Tupolev ANT-20 / PS-124
Unshaken by this official lack of confidence, Tupolev began planning the world's largest aircraft and found support in Union of Soviet Writers and Publishers to celebrate the career of the writer Maxim Gorkii (or Gorky). Workers all over Russia donated money for the construction of not just one giant aircraft, but a whole Maxim Gorki Propaganda Squadron of them, for which 6,000,000 roubles were collected.
This aircraft flew for the first time on 19 May 1934. When it appeared at Moscow's Central Airport in the spring of 1934, Tupolev's first ANT-20 Maxim Gorki spanned 63 m (206 ft), with eight engines totalling 7200 hp, and a gross weight of 52.8 tonnes (52 tons). Within its fuselage and wings were seats for up to 80 passengers, a cinema, newspaper office, darkroom, printing press, radio station, buffet bar, toilets, sleeping quarters and an internal telephone exchange. Beneath its wings loud-speakers and illuminated signs were installed to broadcast political slogans; engineers could walk through the inside of the structure to attend to its engines.
The six engines originally fitted were not enough and an extra pair were added on a pod above the fuselage. The giant ANT-20 toured the otherwise inaccessible areas of the USSR, bringing the communist message to the masses.
Four smaller auxiliary engines were required to drive various devices, including the giant sound system and a series of lights for displaying propaganda slogans at night. The crew is said to have been up to 23 people, although most of these were associated with the propaganda function. Between eight and 10 crew were involved in actually operating the aircraft.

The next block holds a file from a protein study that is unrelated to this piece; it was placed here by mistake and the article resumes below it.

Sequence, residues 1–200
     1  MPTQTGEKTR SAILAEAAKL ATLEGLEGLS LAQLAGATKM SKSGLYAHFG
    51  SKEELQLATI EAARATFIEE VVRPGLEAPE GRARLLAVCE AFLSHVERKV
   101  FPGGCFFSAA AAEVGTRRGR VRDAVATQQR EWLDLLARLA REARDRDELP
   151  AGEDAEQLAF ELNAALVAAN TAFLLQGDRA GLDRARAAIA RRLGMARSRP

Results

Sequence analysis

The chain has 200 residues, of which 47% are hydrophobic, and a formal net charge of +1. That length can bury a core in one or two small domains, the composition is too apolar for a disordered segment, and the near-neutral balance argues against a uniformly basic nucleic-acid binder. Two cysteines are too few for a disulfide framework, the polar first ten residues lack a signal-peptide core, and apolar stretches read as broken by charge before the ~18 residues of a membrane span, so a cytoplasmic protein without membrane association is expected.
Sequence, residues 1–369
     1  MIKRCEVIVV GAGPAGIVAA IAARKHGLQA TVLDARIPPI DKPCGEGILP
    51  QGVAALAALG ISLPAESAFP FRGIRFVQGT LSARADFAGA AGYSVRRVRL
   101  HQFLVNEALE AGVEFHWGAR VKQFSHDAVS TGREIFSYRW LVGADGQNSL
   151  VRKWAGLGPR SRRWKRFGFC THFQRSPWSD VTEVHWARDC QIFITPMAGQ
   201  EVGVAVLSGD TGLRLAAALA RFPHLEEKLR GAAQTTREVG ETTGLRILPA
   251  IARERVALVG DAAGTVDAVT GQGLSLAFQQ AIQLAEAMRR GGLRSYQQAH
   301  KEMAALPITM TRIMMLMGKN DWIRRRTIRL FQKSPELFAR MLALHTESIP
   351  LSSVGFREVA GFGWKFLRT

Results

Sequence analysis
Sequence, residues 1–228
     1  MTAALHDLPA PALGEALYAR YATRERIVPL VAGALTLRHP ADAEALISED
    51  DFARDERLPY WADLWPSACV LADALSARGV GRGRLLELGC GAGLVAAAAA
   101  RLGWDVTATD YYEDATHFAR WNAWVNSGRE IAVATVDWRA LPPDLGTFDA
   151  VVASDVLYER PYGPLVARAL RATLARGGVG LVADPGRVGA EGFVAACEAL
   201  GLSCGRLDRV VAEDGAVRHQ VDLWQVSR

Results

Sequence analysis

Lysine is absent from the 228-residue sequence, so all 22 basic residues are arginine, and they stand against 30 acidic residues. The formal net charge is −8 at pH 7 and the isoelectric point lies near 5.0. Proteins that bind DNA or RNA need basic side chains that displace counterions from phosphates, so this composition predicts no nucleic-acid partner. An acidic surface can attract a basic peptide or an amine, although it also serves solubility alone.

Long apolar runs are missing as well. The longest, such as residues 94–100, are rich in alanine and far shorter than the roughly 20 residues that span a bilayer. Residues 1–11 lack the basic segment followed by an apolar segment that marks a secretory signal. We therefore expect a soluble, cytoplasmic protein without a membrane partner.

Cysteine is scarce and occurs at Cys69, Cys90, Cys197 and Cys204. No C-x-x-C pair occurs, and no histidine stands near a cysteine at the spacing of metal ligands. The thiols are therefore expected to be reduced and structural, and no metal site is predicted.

In 1934 workers at the institute were invited to fly in the giant machine which they had designed and built. Thirty-six passengers boarded, along with 11 crew, and Maxim Gorki took off, accompanied by a Polikarpov I-5 fighter which was to formate with it for air-to-air photographs. During the flight the fighter pilot, disorientated during a barrel roll, collided with the Gorki, which broke up in the air and exploded in a fire-ball, throwing bodies and equipment out in full view of spectators at the airport. The fighter pilot, all 47 aboard the giant aircraft and three bystanders died. The Russians subscribed for three more ANT-20s, with just six engines of greater power, and eventually 16 were built, eight of which survived World War II.
A replacement aircraft for the ANT-20 Maxim Gorki, with only six engines but the same dimensions and an even greater all-up weight, was built as the PS-124 or ANT-20bis.
Engine: 6 x AM-34FRNV,
Max take-off weight: 44000 kg / 97004 lb
Wingspan: 64.0 m / 210 ft 12 in
Length: 34.1 m / 112 ft 11 in
Height: 7.0 m / 23 ft 12 in
Wing area: 486.0 sq.m / 5231.26 sq ft
Max. speed: 275 km/h / 171 mph
Cruise speed: 225 km/h / 140 mph
Ceiling: 5500 m / 18050 ft
Range: 900 km / 559 miles
Tupolev ANT-20 Maxim Gorki